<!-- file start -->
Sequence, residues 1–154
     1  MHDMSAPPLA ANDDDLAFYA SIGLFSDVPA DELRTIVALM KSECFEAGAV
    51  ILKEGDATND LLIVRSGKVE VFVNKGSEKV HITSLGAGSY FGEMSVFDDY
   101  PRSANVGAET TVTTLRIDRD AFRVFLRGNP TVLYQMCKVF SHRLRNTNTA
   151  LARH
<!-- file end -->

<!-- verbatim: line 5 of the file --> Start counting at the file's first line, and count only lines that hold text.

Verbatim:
   151  LARH